Social Selling Through Acts of Kindness
Read about four unselfish acts to help you build trust with connections, prospects, and influencers.
June 27, 2016
By now, you probably know social selling isn’t how many calls you can make in an hour—it’s how much trust you can build. You’re aiming to cultivate relationships and establish yourself as a trusted resource—not just a salesperson—for a potential client.
If your strategy is to push great content, timely data, and insightful advice to key prospects in order to move the needle, you’re certainly ahead of the curve. But if that's your only approach to the new world of social selling, you’re missing a crucial element: unprovoked acts of kindness.
The idea here is the same as the one propagated by Ryan Tognazzini, a principal at Sales Benchmark Index, who calls the concept social debt. Peter Mollins of Knowledge Tree described Tognazzini's concept like this: "Creating social debt is simply the practice of helping others first – or giving before you receive. By adding value to your contacts and others in your community, you’ll build goodwill and earn potential reciprocation in the future."
The key is to unselfishly look out for a connection with no specific sales goal in sight. That connection could be a prospect, friend, coworker, someone you just met at a networking event, or (even better) an influencer. Down the line, if you've done enough giving, you'll reap the benefits.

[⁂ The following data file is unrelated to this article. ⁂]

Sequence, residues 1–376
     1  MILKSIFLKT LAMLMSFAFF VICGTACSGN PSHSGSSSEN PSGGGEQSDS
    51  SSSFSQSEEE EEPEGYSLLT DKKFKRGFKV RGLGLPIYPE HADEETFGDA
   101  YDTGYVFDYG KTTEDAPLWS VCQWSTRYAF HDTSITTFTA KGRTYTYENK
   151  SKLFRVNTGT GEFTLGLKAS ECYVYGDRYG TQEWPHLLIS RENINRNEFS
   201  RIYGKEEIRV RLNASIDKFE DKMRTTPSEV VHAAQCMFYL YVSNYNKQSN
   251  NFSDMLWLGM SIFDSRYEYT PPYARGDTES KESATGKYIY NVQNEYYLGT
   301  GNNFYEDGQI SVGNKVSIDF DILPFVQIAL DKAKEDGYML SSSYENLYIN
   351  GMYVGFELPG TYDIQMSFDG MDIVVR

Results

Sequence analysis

If, for example, you’ve introduced a connection to a perfect prospect, you’ve probably earned quite a lot of social debt. When the time comes for you to ask for an introduction, he or she will be happy to help you out—and may even send more business your way.
Here are four more simple acts of kindness that will earn you plenty of social debt.
1. Suggest a Hire
There may be no better way to gain social debt than to suggest a well-qualified candidate to a connection whose company is hiring. Imagine that candidate gets hired; you've now earned social debt with two different people (and probably netted a nice bottle of your favorite liquor).
2. Recommend Them on LinkedIn
Now let's imagine that you’re the one looking for a new job or a big promotion. What better way to start your day than to wake up and see that your former colleague just wrote you a glowing recommendation on your LinkedIn profile. You’ll be far more likely to help them out in the future.
3. Give a Shout Out on Pulse
If you are putting together an insightful post on Pulse, think about backing it up with an anecdote from someone in your network. If, for example, your post is about how financial professionals can use social media close deals, interview a banking connection who you know has embraced such strategies. Your connection will probably be flattered and benefit from the free promotion.
4. Make an Introduction
Perhaps the greatest gift you can offer someone in business is introducing them to a new prospect. But introductions can be a valuable asset, even if you’re not laying the groundwork for a business deal. For example, you might introduce two connections who can share best practices, learn from each other, and grow their networks by swapping stories and contacts.
If you embrace this sort of acts of kindness, you'll be seen as a valuable resource for the people in your network—and when you’re ready to ask for a favor, they’ll plenty of reasons to help.
For more advice from leading executives on who to reap the benefits of social selling, download our latest eBook: Proven Strategies From the World's Top Sales Professionals .